Search tips
Search criteria 


Logo of sctmAlphamed PressStem Cells Translational MedicineContact UsStem Cells JournalSubscriptionsSubmissionsAboutCurrent Issue
Stem Cells Transl Med. 2012 October; 1(10): 719–724.
Published online 2012 September 27. doi:  10.5966/sctm.2012-0056
PMCID: PMC3659656

Isolation and In Vitro Characterization of Basal and Submucosal Gland Duct Stem/Progenitor Cells from Human Proximal Airways


Basal cells and submucosal gland (SMG) duct cells have been isolated and shown to be stem/progenitor cell populations for the murine airway epithelium. However, methods for the isolation of basal and SMG duct cells from human airways have not been defined. We used an optimized two-step enzyme digestion protocol to strip the surface epithelium from tracheal specimens separate from SMG cells, and we then sorted the basal and duct stem/progenitors using fluorescence-activated cell sorting. We used nerve growth factor receptor, as well as a combination of CD166 and CD44, to sort basal cells and also used CD166 to isolate SMG duct cells. Sorted stem/progenitor cells were cultured to characterize their self-renewal and differentiation ability. Both basal and SMG duct cells grew into spheres. Immunostaining of the spheres showed mostly dense spheres with little to no central lumen. The spheres expressed cytokeratins 5 and 14, with some mucus- and serous-secreting cells. The sphere-forming efficiency and the rate of growth of the spheres varied widely between patient samples and correlated with the degree of hyperplasia of the epithelium. We found that only aldehyde dehydrogenase (ALDH)hi basal and duct cells were capable of sphere formation. Global inhibition of ALDH, as well as specific inhibition of the ALDH2 isoform, inhibited self-renewal of both basal and duct cells, thereby producing fewer and smaller spheres. In conclusion, we have developed methods to isolate basal and SMG duct cells from the surface epithelium and SMGs of human tracheas and have developed an in vitro model to characterize their self-renewal and differentiation.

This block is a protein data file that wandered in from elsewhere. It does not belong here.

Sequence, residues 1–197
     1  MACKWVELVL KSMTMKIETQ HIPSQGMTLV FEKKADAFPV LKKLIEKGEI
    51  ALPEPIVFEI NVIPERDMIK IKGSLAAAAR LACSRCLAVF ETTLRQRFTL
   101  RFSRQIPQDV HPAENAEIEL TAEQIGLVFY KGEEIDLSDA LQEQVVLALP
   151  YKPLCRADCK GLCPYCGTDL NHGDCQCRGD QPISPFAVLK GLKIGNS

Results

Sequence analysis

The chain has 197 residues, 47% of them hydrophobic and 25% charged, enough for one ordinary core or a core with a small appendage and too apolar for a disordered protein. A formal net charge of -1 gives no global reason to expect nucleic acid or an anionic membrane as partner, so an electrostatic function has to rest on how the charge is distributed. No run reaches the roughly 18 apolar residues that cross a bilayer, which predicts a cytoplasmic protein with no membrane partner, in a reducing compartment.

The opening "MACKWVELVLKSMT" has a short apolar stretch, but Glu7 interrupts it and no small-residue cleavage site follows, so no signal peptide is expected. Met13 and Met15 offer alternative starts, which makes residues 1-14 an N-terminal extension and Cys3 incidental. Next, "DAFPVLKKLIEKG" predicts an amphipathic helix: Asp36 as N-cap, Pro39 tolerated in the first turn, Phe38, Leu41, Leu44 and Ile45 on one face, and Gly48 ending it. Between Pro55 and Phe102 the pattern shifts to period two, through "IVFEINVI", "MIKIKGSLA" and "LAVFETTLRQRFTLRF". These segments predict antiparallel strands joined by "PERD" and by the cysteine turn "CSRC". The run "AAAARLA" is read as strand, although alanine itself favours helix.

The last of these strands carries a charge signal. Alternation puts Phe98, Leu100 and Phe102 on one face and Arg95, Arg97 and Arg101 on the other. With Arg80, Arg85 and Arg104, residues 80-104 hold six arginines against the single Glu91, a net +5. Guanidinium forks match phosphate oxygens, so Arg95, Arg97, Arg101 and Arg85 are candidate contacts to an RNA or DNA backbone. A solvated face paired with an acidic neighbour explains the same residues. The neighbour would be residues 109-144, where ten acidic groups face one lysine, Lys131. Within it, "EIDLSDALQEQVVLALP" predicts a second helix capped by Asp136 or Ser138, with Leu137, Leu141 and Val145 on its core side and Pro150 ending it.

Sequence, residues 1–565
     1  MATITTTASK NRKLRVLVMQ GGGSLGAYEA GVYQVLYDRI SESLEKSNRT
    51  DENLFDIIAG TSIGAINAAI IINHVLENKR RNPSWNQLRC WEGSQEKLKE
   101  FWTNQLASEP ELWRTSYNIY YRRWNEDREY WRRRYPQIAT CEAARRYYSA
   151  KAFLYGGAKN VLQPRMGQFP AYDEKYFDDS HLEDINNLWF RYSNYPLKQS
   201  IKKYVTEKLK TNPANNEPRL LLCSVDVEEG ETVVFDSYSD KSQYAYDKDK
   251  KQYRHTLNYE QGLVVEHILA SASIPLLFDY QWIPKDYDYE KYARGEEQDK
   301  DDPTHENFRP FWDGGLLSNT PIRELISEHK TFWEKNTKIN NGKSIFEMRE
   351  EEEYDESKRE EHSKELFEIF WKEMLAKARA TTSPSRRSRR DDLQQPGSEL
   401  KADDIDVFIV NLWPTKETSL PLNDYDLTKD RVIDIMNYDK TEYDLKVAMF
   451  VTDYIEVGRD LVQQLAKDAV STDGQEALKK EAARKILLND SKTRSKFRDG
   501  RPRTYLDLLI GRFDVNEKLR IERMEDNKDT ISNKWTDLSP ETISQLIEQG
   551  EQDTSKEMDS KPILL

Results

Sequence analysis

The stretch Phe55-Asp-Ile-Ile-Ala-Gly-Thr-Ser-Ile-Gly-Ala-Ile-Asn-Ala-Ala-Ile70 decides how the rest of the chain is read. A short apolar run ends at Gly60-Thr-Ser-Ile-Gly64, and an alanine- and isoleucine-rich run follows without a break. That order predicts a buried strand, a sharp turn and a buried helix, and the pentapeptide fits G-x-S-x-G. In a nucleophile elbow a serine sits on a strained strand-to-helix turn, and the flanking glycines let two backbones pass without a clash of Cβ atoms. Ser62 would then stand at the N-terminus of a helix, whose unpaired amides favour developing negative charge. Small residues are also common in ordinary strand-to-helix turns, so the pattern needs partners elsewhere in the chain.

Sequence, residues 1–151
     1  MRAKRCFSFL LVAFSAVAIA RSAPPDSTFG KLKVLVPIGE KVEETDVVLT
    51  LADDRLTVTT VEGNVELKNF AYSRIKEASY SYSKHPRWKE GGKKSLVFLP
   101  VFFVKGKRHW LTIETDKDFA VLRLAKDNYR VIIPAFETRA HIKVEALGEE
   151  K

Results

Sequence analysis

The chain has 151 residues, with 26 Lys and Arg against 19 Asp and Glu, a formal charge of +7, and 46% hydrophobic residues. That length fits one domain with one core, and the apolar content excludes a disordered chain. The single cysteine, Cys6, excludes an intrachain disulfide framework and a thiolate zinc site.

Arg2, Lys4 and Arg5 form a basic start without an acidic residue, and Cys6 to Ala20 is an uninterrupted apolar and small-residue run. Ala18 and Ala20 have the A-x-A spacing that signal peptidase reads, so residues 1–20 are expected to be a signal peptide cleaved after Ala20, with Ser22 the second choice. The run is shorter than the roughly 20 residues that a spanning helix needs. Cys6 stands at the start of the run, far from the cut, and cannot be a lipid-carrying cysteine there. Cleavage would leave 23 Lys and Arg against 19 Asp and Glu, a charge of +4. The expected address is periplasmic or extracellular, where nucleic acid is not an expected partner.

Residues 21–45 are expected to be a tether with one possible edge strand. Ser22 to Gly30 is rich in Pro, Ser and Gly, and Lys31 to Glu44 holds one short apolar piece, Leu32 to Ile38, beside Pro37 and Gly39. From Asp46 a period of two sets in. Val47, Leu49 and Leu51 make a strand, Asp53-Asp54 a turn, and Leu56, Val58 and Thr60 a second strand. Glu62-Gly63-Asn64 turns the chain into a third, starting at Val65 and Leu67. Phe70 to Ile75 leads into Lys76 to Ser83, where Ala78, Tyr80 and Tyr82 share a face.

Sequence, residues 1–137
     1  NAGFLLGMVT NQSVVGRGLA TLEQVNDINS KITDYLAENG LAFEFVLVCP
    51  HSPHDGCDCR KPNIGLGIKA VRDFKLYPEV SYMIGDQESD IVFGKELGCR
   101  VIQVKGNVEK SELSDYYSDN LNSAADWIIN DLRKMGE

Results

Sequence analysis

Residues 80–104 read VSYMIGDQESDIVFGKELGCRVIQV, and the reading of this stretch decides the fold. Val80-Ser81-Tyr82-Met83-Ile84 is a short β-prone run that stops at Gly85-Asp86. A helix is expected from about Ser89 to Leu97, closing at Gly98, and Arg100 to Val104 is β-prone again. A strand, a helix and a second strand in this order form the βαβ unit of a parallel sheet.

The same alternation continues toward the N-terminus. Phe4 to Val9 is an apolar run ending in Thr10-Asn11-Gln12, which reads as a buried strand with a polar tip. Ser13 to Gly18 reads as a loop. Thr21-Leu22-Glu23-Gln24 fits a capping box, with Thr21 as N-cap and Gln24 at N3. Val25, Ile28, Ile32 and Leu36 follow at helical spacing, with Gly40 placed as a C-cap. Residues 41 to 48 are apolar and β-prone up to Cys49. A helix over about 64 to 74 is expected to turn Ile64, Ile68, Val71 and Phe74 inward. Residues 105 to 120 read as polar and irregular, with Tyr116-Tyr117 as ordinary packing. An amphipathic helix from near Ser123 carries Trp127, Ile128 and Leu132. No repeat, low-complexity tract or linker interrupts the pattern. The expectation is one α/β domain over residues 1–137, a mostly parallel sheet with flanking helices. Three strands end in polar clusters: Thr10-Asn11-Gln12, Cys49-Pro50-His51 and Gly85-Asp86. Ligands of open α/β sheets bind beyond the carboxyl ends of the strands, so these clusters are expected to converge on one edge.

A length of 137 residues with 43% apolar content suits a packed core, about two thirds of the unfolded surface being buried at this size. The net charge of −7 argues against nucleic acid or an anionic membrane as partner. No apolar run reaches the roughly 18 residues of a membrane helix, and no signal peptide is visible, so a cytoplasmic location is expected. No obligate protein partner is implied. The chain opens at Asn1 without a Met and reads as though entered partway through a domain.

Keywords: Adult stem cells, Respiratory tract, Stem/progenitor cell, Tissue-specific stem cells, Self-renewal


The airway epithelium is in direct contact with the environment and hence is constantly exposed to injury from pollution and microbial agents. An efficient mechanism for repair of the airways is therefore an essential part of host defense. Adult stem cells in the airway are critical for repair and regeneration, yet despite their importance, these cells are poorly characterized.

Recently, it has been shown that mouse basal cells (BCs) in the trachea and Clara cells in the bronchi and bronchioles can self-renew and generate differentiated progeny of the surface epithelium (SE) [1, 2]. In the rodent, BCs are confined to the trachea, whereas in the human lung they are present throughout the airways, including the small bronchioles [3]. We showed that mouse submucosal gland (SMG) duct cells are stem/progenitor cells, which are involved in maintaining the SMGs and repairing them and the SE after injury [4]. In mouse lungs, SMGs are restricted to the upper trachea, whereas in human lungs SMGs exist along the airways from the larynx down to the distal part of the main bronchi. Methods for isolation of BCs from human tracheobronchial SE have not been clearly defined, and human SMG duct cells have never been isolated. The ability to isolate stem cell populations from the human airway and culture them is critical for advancing our understanding of airway epithelial repair and regeneration.

Materials and Methods

Human Sample Collection and Digestion

Human large airways were obtained from the National Disease Research Interchange Human Tissue Procurement Project or from discarded, deidentified large airways after lung transplantation. In preliminary studies, samples were cut into 1–2-cm2 pieces and then incubated in 0.15% pronase (Roche, Indianapolis, IN, at 4°C for 4, 8, and 16 hours or in 16 U/ml dispase (BD Biosciences, San Diego, CA, at room temperature for 1, 2, 4, and 6 hours. Then samples were examined under a dissecting microscope to confirm detachment of SE before all tissue pieces were fixed and embedded. Tissue sections were stained to examine which enzyme digestion protocol completely removed the SE while leaving SMGs and SMG ducts behind. Airway tissue from which the SE was stripped contained SMGs and ducts, which were minced with scissors to open the SMG compartments and were then incubated overnight in pronase at 4°C to detach the SMGs and ducts from the cartilage and surrounding connective tissue. Cell sheets and clumps collected from SE and SMGs were incubated in 0.25% trypsin/EDTA.

Fluorescence-Activated Cell Sorting of Basal and SMG Duct Cells